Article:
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1
PH 317 Why does light go slower in glass? (From Orear’s Physics)
January 17, 2001
Overview. We will send a light beam in the +x direction : (think of it starting along the -x axis)
Ein = Eoy exp (it -ikx)
[ See sketch on next page. ]
When this strikes a thin layer of material x thick in the y-z plane it will set up a sheet current Ky which
will in turn create a magnetic field Bz+ on the side of the sheet where the wave is going. This in turn
creates an induced electric field Ey which is 90o in phase behind Ein. The total outgoing wave is the
sum of Ein + Ey. This wave lags the original wave by a phase  = Ey/Ein . This phase delay is
equivalent to a wave of amplitude Ein travelling the distance x at a speed v. At speed c the time would
be to = x/c while at speed v the time would be tn = x/v. The phase difference between the two waves
would be
 =  (tn - to) =  x (1/v-1/c) =  (c/v - 1) x/c =  (n-1) x/c
When we equate these phase differences we find the index of refraction of the material.
Gory details.
The electrons in the material are bound to atoms in some spring-like way. Imagine a thin sheet of with
x is struck at x=0 by the incoming plane wave. The electrons hit by the invading electric field feel a
total force
Fnet = qEin + Fspring = may ,
and since Fspring = -ky, and k = mo2
qEoy exp(it) - mo2 y = -m2 y ,
and
y = qEoy exp(it) /m(o2 -2) .
The current density Jy =  vy =  (i y) = i qEoy exp(it) /m(o2 -2). We may imagine a sheet x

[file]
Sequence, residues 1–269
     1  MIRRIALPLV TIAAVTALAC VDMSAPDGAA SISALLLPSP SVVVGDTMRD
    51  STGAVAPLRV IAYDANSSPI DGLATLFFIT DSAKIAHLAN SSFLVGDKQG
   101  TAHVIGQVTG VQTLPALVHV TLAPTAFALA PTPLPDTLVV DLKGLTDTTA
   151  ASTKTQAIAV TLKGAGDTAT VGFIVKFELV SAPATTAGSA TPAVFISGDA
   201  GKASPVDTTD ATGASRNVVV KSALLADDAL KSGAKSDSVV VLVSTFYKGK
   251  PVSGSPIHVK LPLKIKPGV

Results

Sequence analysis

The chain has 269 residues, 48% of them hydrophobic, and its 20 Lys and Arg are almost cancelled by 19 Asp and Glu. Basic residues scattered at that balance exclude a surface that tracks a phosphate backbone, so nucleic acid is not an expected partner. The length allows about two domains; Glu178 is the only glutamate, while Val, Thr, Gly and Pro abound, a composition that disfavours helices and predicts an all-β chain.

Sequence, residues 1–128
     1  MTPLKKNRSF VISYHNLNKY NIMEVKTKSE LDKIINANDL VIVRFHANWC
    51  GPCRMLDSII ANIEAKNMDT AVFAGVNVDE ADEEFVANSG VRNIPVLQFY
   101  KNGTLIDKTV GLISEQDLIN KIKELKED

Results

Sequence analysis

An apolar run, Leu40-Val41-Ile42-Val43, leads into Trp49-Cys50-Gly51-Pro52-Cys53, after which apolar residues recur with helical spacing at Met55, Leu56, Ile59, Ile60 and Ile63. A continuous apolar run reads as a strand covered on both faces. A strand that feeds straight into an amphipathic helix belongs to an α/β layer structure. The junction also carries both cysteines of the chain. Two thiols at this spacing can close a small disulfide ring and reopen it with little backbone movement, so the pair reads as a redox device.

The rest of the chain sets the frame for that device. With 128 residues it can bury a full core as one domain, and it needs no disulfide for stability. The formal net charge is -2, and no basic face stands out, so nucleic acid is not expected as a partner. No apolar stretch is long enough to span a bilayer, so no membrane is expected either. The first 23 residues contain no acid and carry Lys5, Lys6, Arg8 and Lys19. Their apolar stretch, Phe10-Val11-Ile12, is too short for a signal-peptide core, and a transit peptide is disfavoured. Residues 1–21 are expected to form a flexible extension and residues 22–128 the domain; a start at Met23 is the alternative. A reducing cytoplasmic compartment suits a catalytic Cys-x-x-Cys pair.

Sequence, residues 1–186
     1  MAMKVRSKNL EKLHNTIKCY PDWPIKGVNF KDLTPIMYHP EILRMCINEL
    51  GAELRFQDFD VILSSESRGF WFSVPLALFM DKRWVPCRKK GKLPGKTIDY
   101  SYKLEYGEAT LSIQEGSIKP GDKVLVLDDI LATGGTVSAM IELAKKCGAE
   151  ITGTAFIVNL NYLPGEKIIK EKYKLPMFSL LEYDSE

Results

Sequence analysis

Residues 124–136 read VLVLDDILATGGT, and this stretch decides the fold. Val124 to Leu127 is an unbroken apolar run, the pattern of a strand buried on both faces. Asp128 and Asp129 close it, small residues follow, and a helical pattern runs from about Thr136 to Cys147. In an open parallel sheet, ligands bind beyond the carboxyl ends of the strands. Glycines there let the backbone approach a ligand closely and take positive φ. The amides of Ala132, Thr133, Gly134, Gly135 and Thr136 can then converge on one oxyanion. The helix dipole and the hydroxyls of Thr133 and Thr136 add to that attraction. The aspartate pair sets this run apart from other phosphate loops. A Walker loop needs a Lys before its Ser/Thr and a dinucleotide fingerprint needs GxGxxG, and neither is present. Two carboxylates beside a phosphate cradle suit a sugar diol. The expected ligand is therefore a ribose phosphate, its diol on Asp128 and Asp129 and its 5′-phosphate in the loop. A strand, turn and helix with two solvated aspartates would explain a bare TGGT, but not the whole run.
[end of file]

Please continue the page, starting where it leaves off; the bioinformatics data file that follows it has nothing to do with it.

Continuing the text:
thick of this current/area and we get a sort of ‘sheet current’
Ky = Jy x = ix qEoy exp(it) /m(o2 -2).
On either side of a sheet current in the +y-direction we get a magnetic field Bz. From curl B = oJ we
find that Bz on opposite sides of the sheet current has magnitude 1/2 oKy . On the side the wave is
going (remember it came in from the -x direction), Bz is negative:
Bz+ = - oKy /2 .
From curl E = -B/t we find
Ey/x- Ex/y = -i Bz
(all go like exp(it - ikx) .
-ik Ey,extra = -i Bz+ .
The outgoing field is then
Eout = Eoy + Ey,extra = Eoy + (-co /2)( ix qEoy exp(it) /m(o2 -2).
2
Thus the outgoing wave is (suppressing the exp(it-ikx) )
Eout = Eoy + Ey,extra = Eoy -i E,
where E = c/(2 o) (  x qEoy ) /m(o2 -2). Letting N be the number per unit volume of oscillating
electrons we have  = -eN and q = -e. This gives
E = Eoy [(co/2) (  Ne2 x) /m(o2 -2)].
The atomic resonant frequencies o are generally a lot higher than visible frequencies , so E is a
positive quantity, and we have a 90o phase lag between Eoy and E. From a simple phasor diagram we
observe that the tiny E added to Eoy produced a tiny phase delay
 = E/Eoy
(Eoy rotates ccw in the complex plane)

Im
Re
Eoy
E
Eout
Now we bring into play the arguments in the overview to obtain an expression for the index of
refraction
n = 1+ [(Ne2 )/(2o m(o2 -2)) ].
This assumes only one resonant frequency and all N electrons/volume oscillating. It is the little brother
of Griffiths’ 9.170 for the index of refraction, on p. 403.
z
incoming Eoy along -x axis
sheet current in the y-z plane
y
x
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